Osteoarthritis Info

What is osteoarthritis?

Inside a healthy joint, moving surfaces are covered by a layer of cartilage which stops two bone surfaces rubbing together and creating friction. Movement of the joint is made smoother still by the synovial fluid, which bathes the cartilage in lubricating molecules.

However with osteoarthritis, the integrity of the joint is compromised.

The cartilage begins to wear thin, sometimes getting worn away completely, while the level of lubricating molecules in the synovial fluid and on the cartilage become depleted.

The degradation inside osteoarthritic joints contributes to inflammation, joint stiffness, reduced mobility and pain upon movement. As the disease progresses, symptoms become more severe and debilitating, with pain sometimes becoming a permanent feature.

What are the causes of osteoarthritis?

Essentially, there are two types of osteoarthritis – Primary or Secondary. The key difference between these two types is down to the underlying cause.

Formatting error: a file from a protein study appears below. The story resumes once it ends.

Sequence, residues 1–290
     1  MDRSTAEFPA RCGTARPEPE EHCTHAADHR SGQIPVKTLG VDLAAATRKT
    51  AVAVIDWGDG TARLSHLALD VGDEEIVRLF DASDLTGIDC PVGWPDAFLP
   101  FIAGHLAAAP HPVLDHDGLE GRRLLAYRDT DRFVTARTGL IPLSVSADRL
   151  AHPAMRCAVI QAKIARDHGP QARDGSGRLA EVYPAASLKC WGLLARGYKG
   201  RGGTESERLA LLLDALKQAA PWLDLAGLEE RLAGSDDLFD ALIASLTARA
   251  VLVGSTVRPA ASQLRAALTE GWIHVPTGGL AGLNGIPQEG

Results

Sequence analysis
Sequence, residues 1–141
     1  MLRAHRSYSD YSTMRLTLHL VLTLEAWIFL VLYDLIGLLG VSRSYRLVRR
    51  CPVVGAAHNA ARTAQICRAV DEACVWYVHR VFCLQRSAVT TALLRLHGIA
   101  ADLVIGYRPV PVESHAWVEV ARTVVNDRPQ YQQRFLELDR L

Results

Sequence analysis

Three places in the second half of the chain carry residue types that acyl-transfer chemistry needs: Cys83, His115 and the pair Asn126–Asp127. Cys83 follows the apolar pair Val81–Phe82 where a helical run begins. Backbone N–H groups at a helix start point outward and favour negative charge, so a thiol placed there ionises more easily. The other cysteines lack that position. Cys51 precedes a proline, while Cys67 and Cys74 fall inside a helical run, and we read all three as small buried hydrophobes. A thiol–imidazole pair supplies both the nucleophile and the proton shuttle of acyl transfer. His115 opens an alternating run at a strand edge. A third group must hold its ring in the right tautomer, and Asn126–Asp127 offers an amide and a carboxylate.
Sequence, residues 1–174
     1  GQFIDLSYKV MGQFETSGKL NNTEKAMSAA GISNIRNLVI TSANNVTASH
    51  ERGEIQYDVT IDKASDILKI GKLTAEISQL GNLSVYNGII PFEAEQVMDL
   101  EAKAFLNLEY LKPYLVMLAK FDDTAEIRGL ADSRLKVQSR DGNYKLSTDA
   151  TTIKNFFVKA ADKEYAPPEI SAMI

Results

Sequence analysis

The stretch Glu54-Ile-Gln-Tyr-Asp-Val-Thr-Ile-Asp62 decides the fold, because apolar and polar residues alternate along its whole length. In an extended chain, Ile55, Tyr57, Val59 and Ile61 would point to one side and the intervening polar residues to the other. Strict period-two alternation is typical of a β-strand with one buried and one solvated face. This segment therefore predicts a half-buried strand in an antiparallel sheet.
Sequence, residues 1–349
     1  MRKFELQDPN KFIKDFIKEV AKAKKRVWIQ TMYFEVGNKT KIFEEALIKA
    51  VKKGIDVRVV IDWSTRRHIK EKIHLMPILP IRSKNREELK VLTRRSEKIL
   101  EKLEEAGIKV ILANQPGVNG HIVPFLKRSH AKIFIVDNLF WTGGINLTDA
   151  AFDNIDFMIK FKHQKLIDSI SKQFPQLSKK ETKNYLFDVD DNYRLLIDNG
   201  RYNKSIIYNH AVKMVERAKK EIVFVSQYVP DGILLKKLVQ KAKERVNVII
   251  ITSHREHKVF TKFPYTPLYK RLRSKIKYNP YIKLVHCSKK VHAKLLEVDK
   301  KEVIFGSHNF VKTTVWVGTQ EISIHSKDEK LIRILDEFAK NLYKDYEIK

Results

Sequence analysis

• Primary osteoarthritis

    This type of osteoarthritis is associated with aging, affecting people aged around 55+ and is the result of wear and tear on your joints. The more you age, the more likely you will be affected by osteoarthritis. The Joints most commonly affected are knees, hands, the spine, and hips.

  • Secondary osteoarthritis

    This type of osteoarthritis is likely to affect people who are predisposed to the condition through various means such as obesity, genetics, the result of another disease or previous trauma such as fracture or ligament rupture.

Treatment of osteoarthritis

There is no cure for osteoarthritis, but you can help relieve the symptoms by maintaining a healthy weight and regular exercise to keep active, build up muscle and retain joint mobility.